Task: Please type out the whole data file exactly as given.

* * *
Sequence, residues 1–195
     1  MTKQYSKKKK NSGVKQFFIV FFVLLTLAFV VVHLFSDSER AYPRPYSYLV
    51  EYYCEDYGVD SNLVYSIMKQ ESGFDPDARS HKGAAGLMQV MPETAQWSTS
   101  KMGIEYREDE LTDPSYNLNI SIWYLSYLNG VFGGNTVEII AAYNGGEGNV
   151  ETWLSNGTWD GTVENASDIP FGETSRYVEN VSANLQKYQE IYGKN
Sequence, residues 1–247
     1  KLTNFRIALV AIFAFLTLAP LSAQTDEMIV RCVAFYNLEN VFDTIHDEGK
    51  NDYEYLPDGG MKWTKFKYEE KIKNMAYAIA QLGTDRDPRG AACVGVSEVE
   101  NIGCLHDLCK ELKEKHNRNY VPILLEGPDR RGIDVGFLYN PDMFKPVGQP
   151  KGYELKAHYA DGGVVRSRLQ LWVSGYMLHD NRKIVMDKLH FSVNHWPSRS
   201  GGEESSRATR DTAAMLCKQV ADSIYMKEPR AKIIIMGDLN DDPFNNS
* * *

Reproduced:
Sequence, residues 1–195
     1  MTKQYSKKKK NSGVKQFFIV FFVLLTLAFV VVHLFSDSER AYPRPYSYLV
    51  EYYCEDYGVD SNLVYSIMKQ ESGFDPDARS HKGAAGLMQV MPETAQWSTS
   101  KMGIEYREDE LTDPSYNLNI SIWYLSYLNG VFGGNTVEII AAYNGGEGNV
   151  ETWLSNGTWD GTVENASDIP FGETSRYVEN VSANLQKYQE IYGKN
Sequence, residues 1–247
     1  KLTNFRIALV AIFAFLTLAP LSAQTDEMIV RCVAFYNLEN VFDTIHDEGK
    51  NDYEYLPDGG MKWTKFKYEE KIKNMAYAIA QLGTDRDPRG AACVGVSEVE
   101  NIGCLHDLCK ELKEKHNRNY VPILLEGPDR RGIDVGFLYN PDMFKPVGQP
   151  KGYELKAHYA DGGVVRSRLQ LWVSGYMLHD NRKIVMDKLH FSVNHWPSRS
   201  GGEESSRATR DTAAMLCKQV ADSIYMKEPR AKIIIMGDLN DDPFNNS